WHEN CAN YOU START ADULTING?
– Karolien van Wyk
Every teenager knows that as soon as he or she turns 18, they are seen as an adult in the eyes of the law and they no longer have to answer to their parents. (Just kidding, you will always have to explain your actions to your parents.) This is in accordance with the Children’s Act1, as well as the Constitution of South Africa2, but what every teenager might not know is that our law affords them certain choices they can exercise on their own from a younger age.
Below is a list of “adult” decisions that can be taken by minors, even under the age of 18 years:
Wills and estates
A child at the age of 16 can open and operate a bank account and enjoy all the privileges thereof, and be held liable for all the obligations and conditions applicable to it as if they were a major3. Due to the fact that they now have something that can be inherited, a child can also draft his or her own valid will at the age of 164. At the age of 14, a child can be a witness to a will, as long as he or she will not inherit anything in terms thereof5.
Age and employment
It is prohibited to employ a child under the age of 15 years or under the minimum school-leaving age6. The minimum school-leaving age is the last school day of the year the child turns 15, or the age at the end of Grade 9 – whichever comes first.
However, there are regulations which prohibit or place conditions on the type of work performed or the environment in which the work may be performed by minors, for instance a person under the age of 18, but over the age of 16 may only work underground as part of occupational education or training, if not for these purposes, the person must be a major7. At the age of 16 a child may be a reservist for the Fire Brigade, provided that they have their parents’ consent8. A child can be employed in the liquor industry in activities relating to the manufacturing or distribution of liquor from the age of 16, but they may not import, produce or supply it to anyone at that age9.
The law differentiates between medical treatments and medical operations with regards to the requirements of a child to choose whether they want same or not. In the case of medical treatment a child over the age of 12 may consent to his or her own medical treatment or consent to medical treatment for his or her own child if the minor parent is sufficiently mature and has the mental capacity to understand the benefits, risks and social implications of the treatment10 On the other hand, a child over the age of 12 may also consent to surgical operations to be performed on him- or herself as well as on his or her own child. However, in this case the child / minor parent must always be duly assisted by his or her own parent or guardian.11 A child over the age of 12 years also has the necessary capacity to refuse medical treatment or surgical operations.
Donation of blood and other human tissue
One facet of “adulting” is also caring for fellow human beings. A child at the age of 14 can consent to donating his or her blood or replaceable human tissue12. Should the process involve surgery, the child should also be sufficiently mature to be able to make such a decision and must still be assisted by his or her parent or guardian in making the decision. At the age of 16 a child can agree to donate his or her body or any specific tissue in the event of his or her death13. This age coincides with when a child can make a valid will, so the child can put his or her wishes in a will.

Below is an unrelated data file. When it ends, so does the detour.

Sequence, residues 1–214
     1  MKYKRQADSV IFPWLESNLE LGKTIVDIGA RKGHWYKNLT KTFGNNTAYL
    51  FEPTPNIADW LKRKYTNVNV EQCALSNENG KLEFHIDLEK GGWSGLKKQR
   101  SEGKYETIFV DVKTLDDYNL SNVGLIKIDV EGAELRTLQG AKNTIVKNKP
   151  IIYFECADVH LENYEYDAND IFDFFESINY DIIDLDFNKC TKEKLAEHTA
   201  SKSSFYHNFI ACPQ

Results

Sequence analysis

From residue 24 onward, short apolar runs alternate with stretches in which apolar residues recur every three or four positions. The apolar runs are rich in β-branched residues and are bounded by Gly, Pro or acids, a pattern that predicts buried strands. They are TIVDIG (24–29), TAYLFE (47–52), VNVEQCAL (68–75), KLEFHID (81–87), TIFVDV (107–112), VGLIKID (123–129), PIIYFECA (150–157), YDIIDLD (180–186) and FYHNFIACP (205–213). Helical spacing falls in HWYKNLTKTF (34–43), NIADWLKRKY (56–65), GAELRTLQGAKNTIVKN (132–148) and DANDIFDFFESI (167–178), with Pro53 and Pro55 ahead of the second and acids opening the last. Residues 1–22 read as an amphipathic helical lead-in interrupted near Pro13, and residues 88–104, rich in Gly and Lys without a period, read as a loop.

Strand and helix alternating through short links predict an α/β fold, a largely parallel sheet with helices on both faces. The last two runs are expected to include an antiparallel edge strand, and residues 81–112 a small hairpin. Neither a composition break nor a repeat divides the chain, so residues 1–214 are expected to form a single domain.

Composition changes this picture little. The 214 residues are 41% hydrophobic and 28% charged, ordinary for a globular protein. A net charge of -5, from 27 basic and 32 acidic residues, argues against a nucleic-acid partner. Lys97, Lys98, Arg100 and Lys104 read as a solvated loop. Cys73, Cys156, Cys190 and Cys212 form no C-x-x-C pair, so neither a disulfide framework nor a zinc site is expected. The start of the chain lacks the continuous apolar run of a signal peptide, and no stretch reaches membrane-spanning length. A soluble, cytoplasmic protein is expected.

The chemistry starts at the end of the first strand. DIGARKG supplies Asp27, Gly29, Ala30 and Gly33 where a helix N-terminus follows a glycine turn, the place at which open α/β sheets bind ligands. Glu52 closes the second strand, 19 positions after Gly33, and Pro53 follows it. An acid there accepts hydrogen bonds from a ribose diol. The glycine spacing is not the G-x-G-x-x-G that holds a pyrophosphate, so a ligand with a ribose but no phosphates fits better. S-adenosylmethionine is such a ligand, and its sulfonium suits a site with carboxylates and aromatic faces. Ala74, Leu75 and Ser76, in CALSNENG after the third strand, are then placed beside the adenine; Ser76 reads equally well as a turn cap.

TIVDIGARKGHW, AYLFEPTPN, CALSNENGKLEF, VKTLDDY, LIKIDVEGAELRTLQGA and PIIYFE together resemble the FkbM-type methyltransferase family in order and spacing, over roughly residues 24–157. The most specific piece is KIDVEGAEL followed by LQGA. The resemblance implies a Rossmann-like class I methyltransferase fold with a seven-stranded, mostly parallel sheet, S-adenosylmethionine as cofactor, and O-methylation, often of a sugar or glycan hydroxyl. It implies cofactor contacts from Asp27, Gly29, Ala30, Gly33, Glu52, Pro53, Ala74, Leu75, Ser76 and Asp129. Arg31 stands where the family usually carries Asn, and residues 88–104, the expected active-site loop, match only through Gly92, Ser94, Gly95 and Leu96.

Citizen duties and rights
At the age of 16 one can apply for an identity document and register as a voter14. However, the person’s name will only appear on the voters roll once that person becomes 18 years old15. By becoming a registered voter you start your path towards “adulting” as you can now voice your opinion by casting your vote. Another positive thing about obtaining an identity document, is that the first one is free.
The above list is only a few examples of instances where someone under the age of 18 will have the necessary capacity to make their own choices, and to start “adulting”. Just remember that you should still always listen to your parents, no matter the legal age of majority.
1 38 of 2005, Section 17
2 108 of 1996, Section 28(3)
3 Banks Act 94 of 1990, Section 87(1); Mutual Banks Act 124 of 1993. Section 88(1).
4 Wills Act 7 of 1953, Section 4
5 Wills Act 7 of 1953, Section 1
6 Basic Conditions of Employment Act 75 of 1997, Section 43; South African Schools Act 84 of 1996, Section 3.
7 Mine Health and Safety Act 29 of 1996, Section 85.
8 Regulations in terms of the Fire Brigade Service Act 99 of 1987: Fire Brigade Reserve Force. Government Gazette No 15431, Government Notice No 78, 21 January 1994, Regulation 3(c)
9 Liquor Act 59 of 2003. Sections 8(1) and 10(6), read with section 1
10 Children’s Act 38 of 2005, Section 129(2) and Section 129(4) read with Section 31.
11 Children’s Act 38 of 2005, Section 129(3) and Section 129(5) read with Section 31
12 Human Tissue Act 65 of 1983, Section 18(aa) read with definition of a ‘competent witness’.
13 Human Tissue Act 65 of 1983, Section 2 read with Section 4 of the Wills Act 7 of 1953
14 Identification Act 68 of 1997, Section 15
15 Electoral Act 73 of 1998, Section 6
This article is a general information sheet and should not be used or relied on as legal or other professional advice. No liability can be accepted for any errors or omissions nor for any loss or damage arising from reliance upon any information herein. Always contact your legal adviser for specific and detailed advice.